Wyoming news briefs for July 6
Nominations open for Wyoming Business Hall of Fame awards
SHERIDAN – Nominations are now open for the 2021 Wyoming Business Hall of Fame awards, and those who want to nominate a deserving Wyoming business and industry leader who has demonstrated excellence in business can complete the form online at wyomingbusinessalliance.com.
Nominations are due Sept. 1.
To be considered as a Hall of Fame inductee, an individual’s record of business achievement should reflect business excellence, entrepreneurial spirit, courageous thinking and action, inspiring leadership, community impact, enduring accomplishments and an unwavering commitment to ethical leadership. Recipients can be honored posthumously.
Nominees for the award may be Wyomingites by birth or by choice, have attended the University of Wyoming and/or have business interests within Wyoming. Consideration will be given to any nominee who fulfills one or more of these requirements.
There are two categories of awards for consideration:
Contemporary/Visionary – Up-and-coming business person or entrepreneur who has a vision for Wyoming’s future Legacy - Being someone who has made historic and significant long term contributions to the business community (can be honored posthumously).
The Wyoming Business Hall of Fame Award is a joint venture among the Daniels Fund, the University of Wyoming College of Business, Wyoming Business Council and the Wyoming Business Alliance/Wyoming Heritage Foundation.
Drunk, disorderly Yellowstone tourist gets 60 days in jail
JACKSON –- A Yellowstone National Park tourist has been sentenced to 60 days in jail after pleading guilty to disorderly conduct and other charges.
A kayak guide called security officers after Kyle Campbell, of Fairmont, Indiana, caused a disturbance when a guide refused to take his group for a scheduled kayak trip after deciding the group was too drunk to go.
The 31-year-old made threatening comments to officers, resisted arrest, kicked at rangers and banged his head in the patrol car, injuring himself, according to a news release from the U.S. Attorney’s Office for the District of Wyoming.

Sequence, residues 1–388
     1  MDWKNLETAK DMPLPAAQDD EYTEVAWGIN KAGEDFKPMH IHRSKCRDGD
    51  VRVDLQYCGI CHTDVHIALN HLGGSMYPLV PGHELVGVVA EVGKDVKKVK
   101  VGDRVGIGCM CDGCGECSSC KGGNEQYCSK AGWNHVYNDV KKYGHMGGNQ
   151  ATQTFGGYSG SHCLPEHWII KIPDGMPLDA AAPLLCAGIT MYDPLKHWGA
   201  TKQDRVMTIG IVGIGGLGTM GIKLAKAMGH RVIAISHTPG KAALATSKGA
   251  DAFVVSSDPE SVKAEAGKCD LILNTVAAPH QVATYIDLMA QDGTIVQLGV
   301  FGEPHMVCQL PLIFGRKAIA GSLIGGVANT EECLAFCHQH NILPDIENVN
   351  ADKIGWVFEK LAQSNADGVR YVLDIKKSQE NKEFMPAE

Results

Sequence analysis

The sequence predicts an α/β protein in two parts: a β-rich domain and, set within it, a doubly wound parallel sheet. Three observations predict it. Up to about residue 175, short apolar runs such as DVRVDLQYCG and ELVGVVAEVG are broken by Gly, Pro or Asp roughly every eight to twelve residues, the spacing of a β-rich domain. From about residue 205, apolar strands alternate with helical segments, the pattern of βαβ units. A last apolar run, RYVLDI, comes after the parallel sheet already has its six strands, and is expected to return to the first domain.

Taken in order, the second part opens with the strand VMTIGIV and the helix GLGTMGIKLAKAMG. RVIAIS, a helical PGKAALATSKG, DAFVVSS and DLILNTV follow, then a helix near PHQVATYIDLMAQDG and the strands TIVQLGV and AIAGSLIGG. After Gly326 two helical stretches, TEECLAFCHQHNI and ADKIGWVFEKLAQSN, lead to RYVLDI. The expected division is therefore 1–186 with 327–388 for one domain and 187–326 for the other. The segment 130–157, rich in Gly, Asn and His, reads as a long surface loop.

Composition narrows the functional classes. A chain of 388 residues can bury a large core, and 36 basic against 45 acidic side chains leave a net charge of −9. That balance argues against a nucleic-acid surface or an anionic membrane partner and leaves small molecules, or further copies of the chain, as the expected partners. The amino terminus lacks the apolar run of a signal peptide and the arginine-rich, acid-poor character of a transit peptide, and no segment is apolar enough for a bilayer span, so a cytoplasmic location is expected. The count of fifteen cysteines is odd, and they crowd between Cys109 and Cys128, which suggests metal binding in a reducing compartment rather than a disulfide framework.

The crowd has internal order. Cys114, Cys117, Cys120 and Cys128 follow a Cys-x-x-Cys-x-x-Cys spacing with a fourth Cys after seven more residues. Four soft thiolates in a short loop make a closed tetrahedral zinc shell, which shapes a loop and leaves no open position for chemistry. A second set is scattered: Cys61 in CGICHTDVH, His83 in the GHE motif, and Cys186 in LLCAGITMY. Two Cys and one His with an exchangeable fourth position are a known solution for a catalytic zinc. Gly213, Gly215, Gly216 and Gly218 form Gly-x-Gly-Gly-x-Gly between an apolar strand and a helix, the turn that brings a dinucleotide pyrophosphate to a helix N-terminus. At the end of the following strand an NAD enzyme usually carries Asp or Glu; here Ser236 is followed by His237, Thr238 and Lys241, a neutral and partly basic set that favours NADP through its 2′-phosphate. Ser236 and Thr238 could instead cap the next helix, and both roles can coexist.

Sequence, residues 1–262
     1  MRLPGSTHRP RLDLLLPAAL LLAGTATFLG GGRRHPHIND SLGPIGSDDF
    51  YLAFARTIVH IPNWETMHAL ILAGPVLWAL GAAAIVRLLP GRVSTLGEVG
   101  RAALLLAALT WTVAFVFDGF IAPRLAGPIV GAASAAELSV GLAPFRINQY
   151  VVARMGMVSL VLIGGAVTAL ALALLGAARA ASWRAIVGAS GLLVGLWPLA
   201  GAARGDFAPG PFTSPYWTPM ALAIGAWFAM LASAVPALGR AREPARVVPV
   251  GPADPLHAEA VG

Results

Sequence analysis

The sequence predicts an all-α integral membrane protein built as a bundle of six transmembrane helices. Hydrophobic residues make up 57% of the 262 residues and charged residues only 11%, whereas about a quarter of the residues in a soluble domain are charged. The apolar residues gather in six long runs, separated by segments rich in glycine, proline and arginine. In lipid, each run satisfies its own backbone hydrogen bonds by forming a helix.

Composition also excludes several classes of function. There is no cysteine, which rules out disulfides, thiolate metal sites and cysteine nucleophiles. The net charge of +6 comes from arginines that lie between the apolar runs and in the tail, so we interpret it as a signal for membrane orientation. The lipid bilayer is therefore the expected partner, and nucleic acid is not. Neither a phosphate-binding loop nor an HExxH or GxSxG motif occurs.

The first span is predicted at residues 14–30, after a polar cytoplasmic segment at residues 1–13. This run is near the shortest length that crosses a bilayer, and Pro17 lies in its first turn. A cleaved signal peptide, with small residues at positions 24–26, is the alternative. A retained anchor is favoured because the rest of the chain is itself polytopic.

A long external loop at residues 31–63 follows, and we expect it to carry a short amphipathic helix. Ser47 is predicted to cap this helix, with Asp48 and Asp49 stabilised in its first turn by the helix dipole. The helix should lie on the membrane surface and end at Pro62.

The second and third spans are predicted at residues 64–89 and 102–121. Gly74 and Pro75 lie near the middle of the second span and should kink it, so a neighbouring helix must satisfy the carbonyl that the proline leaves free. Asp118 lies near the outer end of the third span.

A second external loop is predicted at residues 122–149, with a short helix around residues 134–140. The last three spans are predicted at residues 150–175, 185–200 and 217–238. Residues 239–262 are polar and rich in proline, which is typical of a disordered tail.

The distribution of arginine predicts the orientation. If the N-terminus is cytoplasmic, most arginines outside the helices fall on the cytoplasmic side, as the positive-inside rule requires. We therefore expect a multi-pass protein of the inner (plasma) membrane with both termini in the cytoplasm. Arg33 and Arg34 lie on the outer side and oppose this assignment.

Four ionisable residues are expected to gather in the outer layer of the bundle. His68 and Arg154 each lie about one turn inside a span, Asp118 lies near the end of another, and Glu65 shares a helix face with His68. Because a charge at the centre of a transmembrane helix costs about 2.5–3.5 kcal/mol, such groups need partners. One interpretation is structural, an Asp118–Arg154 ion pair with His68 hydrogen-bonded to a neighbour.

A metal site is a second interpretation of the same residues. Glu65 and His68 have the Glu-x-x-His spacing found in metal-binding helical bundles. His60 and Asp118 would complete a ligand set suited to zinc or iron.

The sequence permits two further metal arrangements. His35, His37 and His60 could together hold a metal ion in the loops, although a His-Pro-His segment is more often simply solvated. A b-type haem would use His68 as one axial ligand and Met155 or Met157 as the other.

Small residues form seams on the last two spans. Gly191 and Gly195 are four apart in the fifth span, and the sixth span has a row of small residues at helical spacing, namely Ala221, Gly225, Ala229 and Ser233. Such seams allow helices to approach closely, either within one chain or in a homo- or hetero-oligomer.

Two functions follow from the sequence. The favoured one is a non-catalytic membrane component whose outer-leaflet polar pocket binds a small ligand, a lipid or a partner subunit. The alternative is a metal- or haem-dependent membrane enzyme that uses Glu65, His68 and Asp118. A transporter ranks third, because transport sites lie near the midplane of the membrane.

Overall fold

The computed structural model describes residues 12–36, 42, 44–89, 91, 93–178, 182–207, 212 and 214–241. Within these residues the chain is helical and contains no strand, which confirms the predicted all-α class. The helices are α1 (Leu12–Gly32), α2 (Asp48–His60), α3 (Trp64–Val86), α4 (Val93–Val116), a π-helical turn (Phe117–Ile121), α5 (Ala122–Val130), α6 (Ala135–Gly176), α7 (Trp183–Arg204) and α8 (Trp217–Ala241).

“We understand that people are eager to get out this summer and enjoy our national parks; however, this type of behavior is unacceptable,” said Acting U.S. Attorney Bob Murray. “Stay sober, because unruly and intoxicated behavior will only earn you a spot with the jailbirds rather than enjoying the beauty and adventure of Yellowstone.”
Campbell appeared for arraignment and sentencing June 23 before U.S. Magistrate Judge Mark L. Carman in Mammoth.
Beyond the 60-day sentence, he will face a five-year term of unsupervised probation and a five-year ban from Yellowstone. He was also ordered to pay $1,550 in fines and a $50 special assessment fee, the release said.
“Campbell pleaded guilty to several criminal charges: disorderly conduct; threatening, resisting, and intentionally interfering with a government employee; violating the lawful order of a government employee; being under the influence of alcohol and a controlled substance to a degree that may endanger oneself or others; and contempt of court,” the release said.
Fire near Clark mostly contained
CODY — The Robertson Draw Fire burning north of Clark has been largely contained over the past week, with minimal fire increase and improved containment.
On Monday morning, the fire was burning at 29,841 acres with 69-percent containment.
Peggy Miller, a public information officer for the fire, said the majority of the fire area is in patrol status.
On Saturday, a new lightning-caused fire started south of the fire near Robertson Draw Road. Responders were able to work with firefighters to contain the fire at less than one acre.
Another lightning-sparked fire occurred on Sunday, 12 miles east of the burn. Responders were able to contain this fire at less than five acres.
The hottest parts of the burn are now in its most-remote, wilderness aspects on its west side, about five miles east of US 212 (Beartooth Highway).
Firefighters took advantage of cool, moist weather on Monday.
Man sent to prison for string of auto burglaries, storage unit break-ins
POWELL — An alert citizen who pursued and apprehended an auto burglar last winter didn’t just stop the burglar from rummaging through a friend’s vehicle. As it turns out, the citizen’s actions helped put an end to a long string of break-ins and thefts. Investigators ultimately tied Bryan Nihei to at least 16 auto burglaries in and around the Cody area plus six thefts from storage units outside Powell.
Cody police suspect Nihei committed more than a dozen other burglaries and thefts between mid-December through the first part of February, but didn’t find enough evidence to prove those cases.
Nihei, 31, received an eight- to 10-year prison sentence for his crimes from District Court Judge Bill Simpson in May. The sentence was the result of a plea agreement in which Nihei also agreed to pay $3,749 in restitution for the stolen items.
The auto burglaries started on Dec. 13, when four vehicles were broken into in rural Cody. The thief stole a couple wallets while only sifting through some of the vehicles, Park County Sheriff’s Deputy Clayton Creel wrote.
“Even though in some cases there were items of higher value in the back seat, the suspect only rummaged through the front seat,” Creel wrote.
About a week later, City of Cody Police received the first of what would be 26 very similar reports of auto burglaries that continued through Feb. 1.
While the sheriff’s office and Cody police were investigating those crimes, multiple storage units were burglarized at Dash Storage, just west of Powell.
Park County prosecutors eventually charged Nihei with 21 felony offenses, but agreed to drop all but one count of burglary in exchange for his guilty plea and acceptance of the prison sentence.